Seiko 5200

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Seiko's 52 Stream was a family of high-end automatic watch movements from Seiko produced in the 1970's. Closely-related members of this 5200 family include the 5206, 5216, 5246 and 5256. The 5200 family was the basis for the 4S family of 1992-2013.


The 5200 family was introduced in 1970 as perhaps the last Seiko automatic movement of the classic period. It was designed and produced by Daini Seikosha, one of two different watch companies under the Seiko Group umbrella. As the transition to quartz began, many at Daini thought this would be their last chance to design an automatic movement, and competition between Daini and Suwa Seikosha led to aggressive engineering. The finished product was thoroughly modern, with up to date features like hacking, hand winding, integrated automatic winding, and a micro regulator.

The 52 Stream is comparable to Suwa's 56 Stream, introduced a few years earlier. Both were designed for mechanized mass production, though some members of the 5200 family were hand assembled and regulated.

The first member of the family was the 5206, introduced in 1970 in the Lord Matic. But it was the 1971 introduction of the King Seiko 52KS 5246 that made this movement famous. A modest upgrade came a year later with the 5216, which added a spring-loaded pawl to eliminate the risk of breakage if the date was changed around midnight. The line continued in use through the 1973 introduction of the 5256 but an industry shift to electronic watches meant the end of the line came in 1976.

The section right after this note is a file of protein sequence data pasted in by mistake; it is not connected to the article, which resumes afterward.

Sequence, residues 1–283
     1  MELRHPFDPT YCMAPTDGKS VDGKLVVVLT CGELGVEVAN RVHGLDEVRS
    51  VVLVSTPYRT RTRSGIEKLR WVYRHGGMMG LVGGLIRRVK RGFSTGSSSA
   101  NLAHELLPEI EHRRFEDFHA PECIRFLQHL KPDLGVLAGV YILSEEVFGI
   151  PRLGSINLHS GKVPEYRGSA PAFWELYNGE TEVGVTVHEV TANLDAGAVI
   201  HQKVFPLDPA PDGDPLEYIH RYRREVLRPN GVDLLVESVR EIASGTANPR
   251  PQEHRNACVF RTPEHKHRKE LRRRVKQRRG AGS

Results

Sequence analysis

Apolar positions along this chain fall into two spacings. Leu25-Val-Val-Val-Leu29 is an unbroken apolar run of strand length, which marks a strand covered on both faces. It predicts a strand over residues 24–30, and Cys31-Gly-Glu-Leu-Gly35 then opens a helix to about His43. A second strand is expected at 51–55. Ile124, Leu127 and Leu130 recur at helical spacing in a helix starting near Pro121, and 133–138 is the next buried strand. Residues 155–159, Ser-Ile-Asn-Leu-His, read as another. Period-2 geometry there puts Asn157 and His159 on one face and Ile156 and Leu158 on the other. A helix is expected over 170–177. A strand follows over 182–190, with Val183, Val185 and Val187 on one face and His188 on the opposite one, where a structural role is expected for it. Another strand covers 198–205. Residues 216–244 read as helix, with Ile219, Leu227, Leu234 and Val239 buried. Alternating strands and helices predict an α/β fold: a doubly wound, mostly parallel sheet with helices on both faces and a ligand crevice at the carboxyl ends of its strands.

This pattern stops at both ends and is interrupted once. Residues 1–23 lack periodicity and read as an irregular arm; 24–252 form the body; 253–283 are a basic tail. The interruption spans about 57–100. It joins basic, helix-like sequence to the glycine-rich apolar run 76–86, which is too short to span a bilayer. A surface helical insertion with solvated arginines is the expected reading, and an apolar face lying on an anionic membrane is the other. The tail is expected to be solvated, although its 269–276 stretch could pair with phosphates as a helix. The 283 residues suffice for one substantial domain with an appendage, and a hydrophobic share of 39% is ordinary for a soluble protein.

Although it only operated at 28,800 A/h, Seiko classified this a "Hi-Beat" movement.

Because this was only the second bi-directional automatic winding movement ever produced by Seiko, it has some quirks. The reverse winding gear remains engaged when the date quickset is used, causing extra drag and causing concern for some users. The early 5206 version also suffers from a date pawl that can be broken if the date is set late at night, a common issue for many watch movements.

The 5200 family was resurrected in the 1990's as the high-end mechanical watch market rebounded. The result was the 4S15 and its derivatives.


The 5200 family operates at 28,800 vph, in keeping with the high-end Swiss competition.

The 5200 was produced in various quality standards, with a series of "Special" variants boasting better regulation for greater accuracy.

  • Note that the 5206 and 5216 came in both 23- and 25-jewel variants. The main difference between these two is that the 5206 require one to wait for a "safe" time of day to set the date.
Movement Date Winding Hands Date Subdial Jewels
5206A, 5216A 1970 Automatic Hour, minute, seconds Day and Date None 23 or 25
5245A Date only
5246A 1971 Day and Date 25
5256A 1973 Day and Date 25

External links


Automatic movement


Hours, minutes, seconds
Automatic winding
Bilingual day wheel
Date wheel


23 or 25 jewels
28,800 A/h

Production period: